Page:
“Since our admission as a member state of the United Nations in 1960, we have always participated in all efforts to bring about global peace, security and development. Nigeria will continue to support the UN in all its efforts, including the attainment of the 2030 Agenda for Sustainable Development”.
These were the final words of the President of Nigeria, Muhammadu Buhari, at the United Nations General Assembly’s 72nd debate session on Wednesday, September 20, 2017. The attainment of the Sustainable Development Goals (SDGs) is projected to bring an end to extreme poverty, inequality and the threat of climate change globally. Therefore, the attention of world leaders and indeed every country has constantly been drawn to the initiation of acts capable of hitting the bull’s eye on the global goals.
Today, September 25, 2017, the SDGs is two years. It is another time for a reflection on progress and a review and cross-examination of activities by all the 193 country signatories. For Nigeria, even though the speech of the president at the General Assembly centred more on international happenings than on local activities, it did not fail to hint on some of the major concerns of this administration, which can be speculated to be the government’s major SDG concern areas – security, corruption, and inequality (Goals 11, 16, and 10).
Nigeria is said to have assisted countries and communities in the Sahel and the Lake Chad regions to contain threats by Al Qaida and Boko Haram. Also, the country is said to be providing relief and humanitarian assistance to those displaced by insecurity. In addition, it is fighting corruption and challenged by inequality. Aside the president’s speech, the progress report on the goals as delivered at the 2017 High Level Political Forum reveals that the country has integrated them into national, state and sectorial policies, plan, and budget.
Notwithstanding these articulated commitments, actions and efforts, our priorities and performance must be questioned. In reality, which aspects of the goals are of utmost concern to the average Nigerian, considering current economic harshness, poor state of education (over 10 million children out of school), health, sanitation (57 million Nigerians lack safe water, over 130 million lack adequate sanitation – (OXFAM 2017) and infrastructure? Nigeria’s peculiar and urgent developmental needs seem to be beyond the trio of security, corruption and inequality. However, the Senior Special Adviser to the President on the SDGs – Princess Adejoke Orelope–Adefulire, at the presentation of a national voluntary report on the progress of the SDGs during the last United Nations High Level Political Forum (July, 2017) disclosed that economic recession and insecurity have been the major threats to the implementation of the SDGs in Nigeria.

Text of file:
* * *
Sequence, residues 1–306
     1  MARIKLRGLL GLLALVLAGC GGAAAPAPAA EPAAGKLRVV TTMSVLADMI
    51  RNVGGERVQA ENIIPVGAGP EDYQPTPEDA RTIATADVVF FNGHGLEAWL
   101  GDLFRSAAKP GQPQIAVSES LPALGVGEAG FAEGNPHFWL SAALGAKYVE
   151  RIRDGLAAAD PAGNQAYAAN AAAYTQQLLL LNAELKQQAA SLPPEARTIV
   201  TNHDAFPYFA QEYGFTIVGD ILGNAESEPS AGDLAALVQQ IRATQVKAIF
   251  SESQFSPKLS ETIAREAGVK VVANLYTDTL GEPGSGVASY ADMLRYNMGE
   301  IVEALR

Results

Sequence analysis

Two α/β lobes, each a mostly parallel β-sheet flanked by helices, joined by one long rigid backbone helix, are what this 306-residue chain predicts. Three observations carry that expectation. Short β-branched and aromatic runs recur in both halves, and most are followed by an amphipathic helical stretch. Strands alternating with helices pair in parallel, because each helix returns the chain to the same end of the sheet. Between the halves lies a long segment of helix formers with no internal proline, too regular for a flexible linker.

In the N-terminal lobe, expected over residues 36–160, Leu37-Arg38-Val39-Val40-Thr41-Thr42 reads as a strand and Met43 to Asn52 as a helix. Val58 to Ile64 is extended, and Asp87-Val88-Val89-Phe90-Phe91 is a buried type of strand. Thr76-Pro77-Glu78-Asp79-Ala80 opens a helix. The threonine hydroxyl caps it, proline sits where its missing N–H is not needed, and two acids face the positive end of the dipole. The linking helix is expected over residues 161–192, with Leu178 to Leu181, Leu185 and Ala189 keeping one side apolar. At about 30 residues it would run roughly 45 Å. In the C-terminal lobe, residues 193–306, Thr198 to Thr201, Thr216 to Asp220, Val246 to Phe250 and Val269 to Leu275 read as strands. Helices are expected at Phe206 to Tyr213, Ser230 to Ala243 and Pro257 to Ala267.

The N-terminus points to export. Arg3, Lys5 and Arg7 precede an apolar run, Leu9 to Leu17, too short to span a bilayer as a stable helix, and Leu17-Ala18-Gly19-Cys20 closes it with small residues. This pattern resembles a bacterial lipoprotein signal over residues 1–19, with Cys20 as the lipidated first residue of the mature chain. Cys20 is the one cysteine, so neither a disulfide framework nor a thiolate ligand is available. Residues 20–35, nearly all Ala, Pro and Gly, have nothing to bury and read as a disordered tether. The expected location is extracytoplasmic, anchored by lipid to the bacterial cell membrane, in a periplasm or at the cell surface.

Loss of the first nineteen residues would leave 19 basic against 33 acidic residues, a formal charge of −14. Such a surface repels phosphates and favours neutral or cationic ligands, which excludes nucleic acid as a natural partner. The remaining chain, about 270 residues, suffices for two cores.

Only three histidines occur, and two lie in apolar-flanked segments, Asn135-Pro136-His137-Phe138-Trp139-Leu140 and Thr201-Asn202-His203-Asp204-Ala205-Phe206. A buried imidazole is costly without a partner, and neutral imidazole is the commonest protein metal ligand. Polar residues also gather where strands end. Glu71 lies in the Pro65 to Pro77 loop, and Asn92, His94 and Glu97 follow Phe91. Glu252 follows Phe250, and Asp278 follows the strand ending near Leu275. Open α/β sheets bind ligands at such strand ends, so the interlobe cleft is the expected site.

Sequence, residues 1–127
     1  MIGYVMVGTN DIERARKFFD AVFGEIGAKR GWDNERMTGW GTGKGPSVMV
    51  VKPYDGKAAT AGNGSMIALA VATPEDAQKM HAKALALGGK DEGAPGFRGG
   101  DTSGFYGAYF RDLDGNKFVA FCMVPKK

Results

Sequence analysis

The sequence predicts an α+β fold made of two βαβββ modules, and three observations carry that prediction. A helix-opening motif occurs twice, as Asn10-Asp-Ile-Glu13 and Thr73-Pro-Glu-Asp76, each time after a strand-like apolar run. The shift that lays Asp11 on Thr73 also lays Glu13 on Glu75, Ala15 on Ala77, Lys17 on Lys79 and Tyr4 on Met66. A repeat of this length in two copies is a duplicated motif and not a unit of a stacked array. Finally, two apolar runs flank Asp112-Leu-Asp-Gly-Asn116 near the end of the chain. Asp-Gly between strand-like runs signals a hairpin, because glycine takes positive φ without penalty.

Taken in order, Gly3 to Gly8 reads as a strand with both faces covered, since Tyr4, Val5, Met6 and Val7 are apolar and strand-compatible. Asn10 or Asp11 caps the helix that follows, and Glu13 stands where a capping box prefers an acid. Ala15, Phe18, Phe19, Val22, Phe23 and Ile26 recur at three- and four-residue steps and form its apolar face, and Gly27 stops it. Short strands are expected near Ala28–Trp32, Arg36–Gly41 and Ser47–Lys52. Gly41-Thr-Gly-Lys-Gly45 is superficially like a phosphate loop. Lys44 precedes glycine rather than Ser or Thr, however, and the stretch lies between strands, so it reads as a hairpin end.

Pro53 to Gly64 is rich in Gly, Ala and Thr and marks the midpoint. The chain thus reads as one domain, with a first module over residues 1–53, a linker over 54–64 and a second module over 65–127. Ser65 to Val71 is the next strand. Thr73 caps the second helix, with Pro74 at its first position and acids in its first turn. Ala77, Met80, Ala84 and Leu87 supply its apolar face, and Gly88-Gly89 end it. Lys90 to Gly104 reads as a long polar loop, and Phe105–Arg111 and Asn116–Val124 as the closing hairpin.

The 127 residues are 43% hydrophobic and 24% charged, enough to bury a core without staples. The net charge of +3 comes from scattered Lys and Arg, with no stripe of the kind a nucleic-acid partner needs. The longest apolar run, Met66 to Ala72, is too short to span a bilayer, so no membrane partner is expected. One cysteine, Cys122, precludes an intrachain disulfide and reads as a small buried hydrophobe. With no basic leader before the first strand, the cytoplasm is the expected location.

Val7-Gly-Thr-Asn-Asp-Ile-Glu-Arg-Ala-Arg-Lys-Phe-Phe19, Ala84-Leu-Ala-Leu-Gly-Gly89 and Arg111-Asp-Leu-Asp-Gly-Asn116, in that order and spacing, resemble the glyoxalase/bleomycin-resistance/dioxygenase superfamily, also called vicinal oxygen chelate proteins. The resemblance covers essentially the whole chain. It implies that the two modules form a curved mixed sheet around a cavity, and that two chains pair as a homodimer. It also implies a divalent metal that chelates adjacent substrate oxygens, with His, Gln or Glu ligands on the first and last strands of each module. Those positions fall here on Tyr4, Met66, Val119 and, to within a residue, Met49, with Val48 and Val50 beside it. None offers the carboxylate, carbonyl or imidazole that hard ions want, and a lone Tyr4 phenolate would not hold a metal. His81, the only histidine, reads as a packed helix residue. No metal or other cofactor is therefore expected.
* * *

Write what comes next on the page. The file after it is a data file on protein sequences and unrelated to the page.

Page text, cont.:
Nevertheless, there has been no exponential progress made with the clamp on insecurity, corruption and inequality as the unity of the country remains threatened by rising agitating groups and terrorists. Corruption is seemingly still at its peak as new discoveries of recovered loots evolving regularly have not translated to any visible economic boost. Moreover, economic inequality has reached extreme levels in the country as five million still face hunger. The combined wealth of Nigeria’s five richest men – $29.9 billion – could end extreme poverty at a national level when the amount of money that the richest Nigerian man can earn annually from his wealth is sufficient to lift two million people out of poverty for one year (OXFAM 2017).
Clearly, beyond the speech of the president and the official progress report, the progress of Nigeria towards the SDGs is slower than needed to meet the 2030 target and our commitment can be disputed.
For Nigeria’s commitment to be applauded and for the SDGs to register significant progress, specific goals must be prioritised according to obvious realities and needs, while the thrust of the country’s socio-economic development strategy should be the SDGs. Most importantly, voluntary and active participation of every sector (public, private, non-governmental, and international) is imperative before any phenomenal results can be achieved with the goals in Nigeria.
As the Global Goals Week 2017 paralleled with the 72nd session of the UN General Assembly – September 16-23, 2017 and as the world marks another year of the SDGs, Nigeria should remember that commitment can only be acknowledged when the common man begins to experience sustainable development, first hand.